In East Asia, India’s ongoing involvement under its Look East policy, is leading to its rivalry with the PRC. Though China has joined with India in supporting mutual cooperation within the framework of the East Asia Summit, authoritative media opinions in China have considered India as an outsider to the East Asia regional integration process. They in particular have raised a question whether India’s Look East Policy is meant to ‘encircle’ China. Beijing’s goal in East Asia is based on establishment of a web of Free Trade Zones. China-ASEAN Free Trade Area (CAFTA) is operational since 1 January 2010. This is prompting India to come out with its own Free Trade Area strategy. An India-ASEAN Trade in Goods (TIG) Agreement has come into force on 1 January 2010. New Delhi is also keen to conclude early an India-ASEAN FTA in services and investment. India is fast cementing its economic, political and security collaboration with key East Asian nations like Vietnam, Cambodia, South Korea and Japan, which are wary of China’s growing assertiveness.
From a strategic point of view, it would be important for India to pay close attention to Beijing’s assigning the People’s Liberation Army (PLA) Navy the task of protecting the country’s maritime interests under the overall framework for energy security. Senior military officers in China have argued in favour of China setting up overseas bases facilitating protection of sea trade routes. For the first time since the founding the PRC in 1949, three PLA naval vessels participated in an operation outside the country in January 2009 – a UN sanctioned anti-piracy activity off the Horn of Africa. Also, vessels retired from the Navy are increasingly being pressed by China to patrol disputed South China Sea islands and the Senkakus claimed by Japan. At policy levels, the PRC’s defence documents have begun to note the need for the armed forces to get involved in ensuring the country’s energy security, for e.g., its Defence white paper for 2006 referred to the ‘ongoing attempts to expand the ranges of PLA Navy and Air force’ and ‘mounting security issues relating to energy resources’. The 2008 Defence White Paper followed such sentiments by referring to ‘intensifying struggle for strategic resources’. Also on rise are official references to the PLA’s undertaking of ‘historic long term missions’ for protecting China’s territorial and maritime interests through acquiring aircraft carriers, next generation weapons etc.  India should not miss the apparent military angle while competing with China in the energy front. In any case, it is gratifying that both China and India are making efforts to discuss all the contentious issues through a dialogue Next to resources, India-China competition can spread soon to the IT outsourcing sector. China’s stated aim is to set up 10 international competitive outsourcing hubs, engage 100 multinational companies to outsource to China and develop 1000 outsourcing services vendors in China qualified to serve the global market. China’s challenge is likely to be felt in US and Europe, the traditional Indian strongholds in outsourcing. A report of Chinese Ministry of Industry and Information Technology (14 October 2010) has highlighted China’s outsourcing advantages like low labour costs and advanced IT technology, while noting that the US markets have become less dependent on Indian outsourcing companies.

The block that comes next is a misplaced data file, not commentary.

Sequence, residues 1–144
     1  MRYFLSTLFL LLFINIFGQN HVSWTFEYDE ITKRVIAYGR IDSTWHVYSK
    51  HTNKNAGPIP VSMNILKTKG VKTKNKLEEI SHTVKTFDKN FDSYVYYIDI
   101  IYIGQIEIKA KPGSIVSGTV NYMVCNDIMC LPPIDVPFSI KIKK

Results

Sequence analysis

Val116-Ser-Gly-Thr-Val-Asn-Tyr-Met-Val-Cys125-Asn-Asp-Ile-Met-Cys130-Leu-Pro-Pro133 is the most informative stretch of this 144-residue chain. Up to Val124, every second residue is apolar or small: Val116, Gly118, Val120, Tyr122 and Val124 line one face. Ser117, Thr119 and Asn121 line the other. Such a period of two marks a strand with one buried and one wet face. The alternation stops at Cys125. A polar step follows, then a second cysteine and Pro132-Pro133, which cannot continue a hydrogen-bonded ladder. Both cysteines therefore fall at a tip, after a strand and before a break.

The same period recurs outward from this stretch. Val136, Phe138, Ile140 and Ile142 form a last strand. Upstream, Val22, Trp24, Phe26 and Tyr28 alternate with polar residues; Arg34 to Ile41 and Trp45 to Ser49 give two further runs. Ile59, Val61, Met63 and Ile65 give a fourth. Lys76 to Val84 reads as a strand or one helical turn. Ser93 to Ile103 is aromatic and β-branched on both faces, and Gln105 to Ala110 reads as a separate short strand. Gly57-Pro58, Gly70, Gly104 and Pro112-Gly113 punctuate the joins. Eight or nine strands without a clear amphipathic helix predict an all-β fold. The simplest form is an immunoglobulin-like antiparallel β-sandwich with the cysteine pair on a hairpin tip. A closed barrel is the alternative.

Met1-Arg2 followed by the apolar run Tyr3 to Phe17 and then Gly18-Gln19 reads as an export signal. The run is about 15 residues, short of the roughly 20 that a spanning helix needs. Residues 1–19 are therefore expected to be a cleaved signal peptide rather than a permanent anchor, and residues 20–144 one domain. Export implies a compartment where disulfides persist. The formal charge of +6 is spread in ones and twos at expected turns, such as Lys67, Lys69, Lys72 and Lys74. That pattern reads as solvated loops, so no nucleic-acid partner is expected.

Improving China-India trade and business relations can have a sobering effect on the global competition between the two countries. China is emerging as biggest trade partner of India. It now recognises India as one of China’s largest overseas engineering contract markets. The PRC is showing interest in addressing the problem of trade deficit with India and opening China’s markets for India in pharmaceuticals, IT and agro-products. Both sides need to narrow down the existing differences in the matter of arriving at a bilateral free trade area agreement.
As the Chairman of the Deloitte Consulting LLP, the US-based leading world service organisation, Mr James H.Quigley puts it, it will not be in the interests of any country to have a 100% export-driven economy. In China, exports contribute to about 40% of the GDP, while in India the corresponding figure is 20%. Under the impact of global financial crisis, China has evolved long-term policy of reducing dependence on exports and boosting the domestic demand. In India, which is less exposed to exports, discussions seem to be strong on whether the country should have a similar policy. Such trends may have a bearing on future roles of China and India in global markets.
(The writer, D.S.Rajan, is Director, Chennai Centre for China Studies. The article is an updated version of the presentation on the subject made by the writer at the National Trade and Logistics Symposium, organised by the Indian Institute of Foreign Trade, Kolkata, on 17 November 2010. Email: [email protected]).